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The kind of matter and energy we can see and touch – whether it is in the form of atoms and molecules, or heat and light, only forms a tiny proportion of the content of the Universe, only about 5%. Over a quarter is dark matter, which is totally invisible but whose gravitational attraction can be detected; while over two thirds is dark energy, a force that pushes the Universe to expand ever faster.
Two UCL researchers awarded Daiwa Adrian Prize
24 July 2013
Two UCL researchers, Professor Alexander Shluger and Dr Peter Sushko (both from UCL Physics & Astronomy and London Centre for Nanotechnology), have been awarded one of the 2013 Daiwa Adrian Prizes, which recognise significant scientific collaboration between Japanese and British research teams. The team was awarded the prize jointly with researchers at the Tokyo Institute of Technology for a longstanding collaboration in materials science.
The prizes, awarded every three years, acknowledge those that have combined excellence in scientific achievement with a long-term contribution to UK-Japan relations. UCL’s close relations with Japan date back to the 1860s, when it was the first European university to admit Japanese students.
This is the excellent result of our long-standing collaboration with the group of Professor Hideo Hosono at the Tokyo Institute of Technology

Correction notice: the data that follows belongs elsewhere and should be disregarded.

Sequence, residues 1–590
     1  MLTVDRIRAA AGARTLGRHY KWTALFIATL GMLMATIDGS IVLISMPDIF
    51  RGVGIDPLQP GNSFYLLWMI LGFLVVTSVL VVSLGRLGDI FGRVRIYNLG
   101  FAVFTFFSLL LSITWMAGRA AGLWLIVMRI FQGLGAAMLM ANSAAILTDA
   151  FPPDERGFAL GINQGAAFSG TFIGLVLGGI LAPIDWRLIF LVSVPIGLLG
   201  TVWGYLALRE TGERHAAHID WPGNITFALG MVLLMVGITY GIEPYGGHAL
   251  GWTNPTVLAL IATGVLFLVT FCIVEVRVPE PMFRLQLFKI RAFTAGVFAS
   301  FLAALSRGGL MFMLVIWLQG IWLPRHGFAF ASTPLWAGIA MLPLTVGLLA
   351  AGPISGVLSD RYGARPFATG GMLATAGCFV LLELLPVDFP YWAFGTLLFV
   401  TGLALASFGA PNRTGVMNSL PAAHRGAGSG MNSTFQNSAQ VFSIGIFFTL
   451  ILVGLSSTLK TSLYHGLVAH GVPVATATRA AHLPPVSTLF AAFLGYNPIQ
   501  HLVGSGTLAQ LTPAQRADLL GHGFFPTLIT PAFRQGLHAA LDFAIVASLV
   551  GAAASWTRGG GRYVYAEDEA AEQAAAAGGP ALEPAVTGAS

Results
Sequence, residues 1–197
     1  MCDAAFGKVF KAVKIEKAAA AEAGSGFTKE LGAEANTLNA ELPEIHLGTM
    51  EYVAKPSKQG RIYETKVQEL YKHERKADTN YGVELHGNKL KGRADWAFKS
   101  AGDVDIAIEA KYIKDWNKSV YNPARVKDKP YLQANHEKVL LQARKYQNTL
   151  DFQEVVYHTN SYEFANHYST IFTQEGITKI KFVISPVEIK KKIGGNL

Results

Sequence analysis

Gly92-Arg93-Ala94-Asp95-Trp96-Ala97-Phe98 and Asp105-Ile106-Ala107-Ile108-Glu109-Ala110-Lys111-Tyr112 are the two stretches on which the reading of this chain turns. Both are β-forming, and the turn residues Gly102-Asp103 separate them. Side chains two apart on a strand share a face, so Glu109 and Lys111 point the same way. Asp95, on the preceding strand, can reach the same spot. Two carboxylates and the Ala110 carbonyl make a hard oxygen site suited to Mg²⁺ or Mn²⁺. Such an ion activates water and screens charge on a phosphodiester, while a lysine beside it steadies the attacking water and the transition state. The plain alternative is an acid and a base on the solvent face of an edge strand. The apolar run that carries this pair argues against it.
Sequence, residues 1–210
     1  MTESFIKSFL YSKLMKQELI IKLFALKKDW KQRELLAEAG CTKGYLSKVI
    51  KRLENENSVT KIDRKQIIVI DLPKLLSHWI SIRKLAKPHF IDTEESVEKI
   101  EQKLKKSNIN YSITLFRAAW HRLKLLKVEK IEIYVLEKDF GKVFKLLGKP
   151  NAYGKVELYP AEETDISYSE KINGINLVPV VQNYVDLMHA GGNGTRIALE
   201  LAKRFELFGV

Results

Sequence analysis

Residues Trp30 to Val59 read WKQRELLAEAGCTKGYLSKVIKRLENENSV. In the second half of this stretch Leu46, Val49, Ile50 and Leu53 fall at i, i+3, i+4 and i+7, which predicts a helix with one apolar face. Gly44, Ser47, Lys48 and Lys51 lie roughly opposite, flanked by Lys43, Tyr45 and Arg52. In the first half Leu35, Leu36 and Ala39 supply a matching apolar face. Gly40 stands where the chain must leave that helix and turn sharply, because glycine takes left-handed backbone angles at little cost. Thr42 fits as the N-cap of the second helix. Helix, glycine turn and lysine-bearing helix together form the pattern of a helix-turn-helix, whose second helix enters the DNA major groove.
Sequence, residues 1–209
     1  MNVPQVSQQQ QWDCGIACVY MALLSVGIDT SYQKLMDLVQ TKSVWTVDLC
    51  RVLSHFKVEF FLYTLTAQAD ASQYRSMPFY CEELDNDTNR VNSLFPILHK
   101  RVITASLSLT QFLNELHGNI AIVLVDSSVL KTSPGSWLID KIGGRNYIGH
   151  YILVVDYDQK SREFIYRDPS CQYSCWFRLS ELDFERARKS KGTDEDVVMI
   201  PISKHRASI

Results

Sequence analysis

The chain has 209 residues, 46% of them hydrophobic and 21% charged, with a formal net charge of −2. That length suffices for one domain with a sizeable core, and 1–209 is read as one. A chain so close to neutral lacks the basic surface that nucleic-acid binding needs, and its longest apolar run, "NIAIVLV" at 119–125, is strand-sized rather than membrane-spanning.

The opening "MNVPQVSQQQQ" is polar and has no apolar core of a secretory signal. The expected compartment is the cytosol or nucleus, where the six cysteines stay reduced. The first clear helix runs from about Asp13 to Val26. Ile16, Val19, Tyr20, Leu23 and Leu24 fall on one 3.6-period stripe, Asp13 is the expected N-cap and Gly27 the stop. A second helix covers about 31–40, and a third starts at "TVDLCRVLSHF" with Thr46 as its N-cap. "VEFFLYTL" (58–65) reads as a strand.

Prof Alex Shluger
The winning research teams will receive £10,000 and a prize giving ceremony will be held at the Royal Society in London on 27 November 2013.
Professor Shluger, lead researcher for the UCL team, said “This is the excellent result of our long-standing collaboration with the group of Professor Hideo Hosono at the Tokyo Institute of Technology. I am particularly happy for the young researchers involved in this project, Drs Sushko, Hayashi and Toda, whose efforts made this project a success.”
The collaboration seeks to find novel properties of materials made up of relatively common elements. For instance, one focus of the research has been on calcium aluminate, a transparent material which can conduct electricity, and which is made of cheap and abundant elements. Currently used compounds with these properties require rare and expensive materials – a major issue in Japan, which has very few mineral deposits, and a large high-tech manufacturing sector.
The Japanese team focused on experimental study of the materials, with UCL’s researchers providing theoretical analysis based on computer simulations. This combination of theoretical and experimental study is a highly effective way to attack scientific problems from two different perspectives.
The UCL and Japanese teams have been collaborating since 2003. Their latest paper has just been accepted for publication in Nature Communications.
The prize was awarded for a project entitled Exploration of Active Functionality in Abundant Oxide Materials Utilizing Unique Nanostructure: discovering novel properties of traditional materials through curiosity-driven research.
- UCL Physics & Astronomy
- UCL Condensed Matter and Materials Physics Group
- London Centre for Nanotechnology
- Daiwa Adrian Prize
- Daiwa Anglo-Japanese Foundation
- Tokyo Institute of Technology
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